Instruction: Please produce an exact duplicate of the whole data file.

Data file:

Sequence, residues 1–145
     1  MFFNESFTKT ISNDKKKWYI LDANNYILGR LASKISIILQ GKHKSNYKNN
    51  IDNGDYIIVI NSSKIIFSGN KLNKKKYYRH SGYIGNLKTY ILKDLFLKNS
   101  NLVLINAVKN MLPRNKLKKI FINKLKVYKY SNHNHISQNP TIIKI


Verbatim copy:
Sequence, residues 1–145
     1  MFFNESFTKT ISNDKKKWYI LDANNYILGR LASKISIILQ GKHKSNYKNN
    51  IDNGDYIIVI NSSKIIFSGN KLNKKKYYRH SGYIGNLKTY ILKDLFLKNS
   101  NLVLINAVKN MLPRNKLKKI FINKLKVYKY SNHNHISQNP TIIKI